We have been avoiding traditional porridge and all things oaty for a good while now.
But recently I read that oats do not actually contain gluten, despite their usual inclusion in the list of foods to avoid for the gluten intolerant.
Having scraped into the bin the soggy, uneaten remains of every single gluten free cereal on the market, I am more than keen to put porridge back on the family breakfast menu. So what’s the score?
I’ve done some digging and this is what I found out:
Studies conflict on the topic but the upshot is that oats are okay for some people with ceoliac disease and not for others. The problem is there is no way at present to predict who will and who won’t react. And that is why oats appear on all of those lists.
The reason for the reaction to oats in some people is that while oat protein, called avenin, is different, it does have a similar sequence to the toxic protein sequences found in wheat, barley and rye.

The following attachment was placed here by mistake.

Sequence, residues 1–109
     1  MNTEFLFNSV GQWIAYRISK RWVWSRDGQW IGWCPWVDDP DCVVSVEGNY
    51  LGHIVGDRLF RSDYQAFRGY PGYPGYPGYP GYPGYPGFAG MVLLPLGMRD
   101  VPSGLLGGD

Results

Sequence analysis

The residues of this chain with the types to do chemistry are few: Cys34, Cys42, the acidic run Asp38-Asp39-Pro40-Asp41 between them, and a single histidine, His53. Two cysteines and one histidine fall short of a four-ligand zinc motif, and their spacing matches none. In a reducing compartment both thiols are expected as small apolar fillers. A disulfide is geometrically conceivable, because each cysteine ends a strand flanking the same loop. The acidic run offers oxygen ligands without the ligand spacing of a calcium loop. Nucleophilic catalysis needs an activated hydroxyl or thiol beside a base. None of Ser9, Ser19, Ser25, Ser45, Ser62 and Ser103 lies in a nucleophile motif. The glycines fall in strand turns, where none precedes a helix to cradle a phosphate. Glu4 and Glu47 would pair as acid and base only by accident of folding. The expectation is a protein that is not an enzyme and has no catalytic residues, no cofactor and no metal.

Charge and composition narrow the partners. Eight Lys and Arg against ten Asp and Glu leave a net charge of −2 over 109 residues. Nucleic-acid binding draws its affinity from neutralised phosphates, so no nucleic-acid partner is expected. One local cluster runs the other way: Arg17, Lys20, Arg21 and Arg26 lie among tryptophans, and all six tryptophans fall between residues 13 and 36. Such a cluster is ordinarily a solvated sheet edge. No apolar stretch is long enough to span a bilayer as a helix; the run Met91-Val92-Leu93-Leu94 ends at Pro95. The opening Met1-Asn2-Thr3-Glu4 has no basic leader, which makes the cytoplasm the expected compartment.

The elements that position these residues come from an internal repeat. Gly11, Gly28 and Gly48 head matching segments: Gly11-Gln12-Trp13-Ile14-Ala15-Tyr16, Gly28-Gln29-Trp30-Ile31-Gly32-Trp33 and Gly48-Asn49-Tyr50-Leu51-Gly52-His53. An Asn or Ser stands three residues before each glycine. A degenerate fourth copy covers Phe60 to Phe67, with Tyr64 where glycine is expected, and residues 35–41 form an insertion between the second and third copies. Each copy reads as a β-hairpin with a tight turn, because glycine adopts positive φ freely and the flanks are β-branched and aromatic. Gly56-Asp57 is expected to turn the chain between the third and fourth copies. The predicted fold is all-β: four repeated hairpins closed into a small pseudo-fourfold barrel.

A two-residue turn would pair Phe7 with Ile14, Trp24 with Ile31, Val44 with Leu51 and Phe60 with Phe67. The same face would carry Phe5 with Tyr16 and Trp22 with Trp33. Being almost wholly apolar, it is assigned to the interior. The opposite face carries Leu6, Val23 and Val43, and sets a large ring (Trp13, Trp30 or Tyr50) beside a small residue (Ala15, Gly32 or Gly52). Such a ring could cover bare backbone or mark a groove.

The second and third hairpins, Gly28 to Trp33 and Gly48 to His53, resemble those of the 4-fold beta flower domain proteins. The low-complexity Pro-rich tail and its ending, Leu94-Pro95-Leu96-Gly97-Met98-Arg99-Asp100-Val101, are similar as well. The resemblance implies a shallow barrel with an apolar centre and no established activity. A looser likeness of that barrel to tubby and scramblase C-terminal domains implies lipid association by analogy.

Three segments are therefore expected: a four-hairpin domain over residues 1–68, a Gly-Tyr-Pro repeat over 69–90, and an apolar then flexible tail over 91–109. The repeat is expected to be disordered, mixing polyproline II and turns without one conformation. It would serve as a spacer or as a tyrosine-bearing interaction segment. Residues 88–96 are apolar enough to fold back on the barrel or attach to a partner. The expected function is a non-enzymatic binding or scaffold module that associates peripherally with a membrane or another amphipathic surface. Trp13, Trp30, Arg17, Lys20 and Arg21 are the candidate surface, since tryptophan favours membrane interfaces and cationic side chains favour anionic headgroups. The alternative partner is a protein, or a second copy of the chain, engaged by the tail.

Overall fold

And then there is the other problem of contamination. Oats are often grown in rotation with wheat which means a percentage slips through. There is also the potential for contamination in storage, transport and processing. Because of this, most oats can’t be labelled gluten free.
People newly diagnosed with ceoliac disease are therefore advised to stay off oats for at least the first year of being on a gluten free diet.
Those who are gluten intolerant have a little more leeway to experiment. And given oats are considered one of the most nutritious grains, that is what I now plan to do.
[UPDATE: experiment was a spectacular failure. For the record, it seems to have the same effect as gluten on us]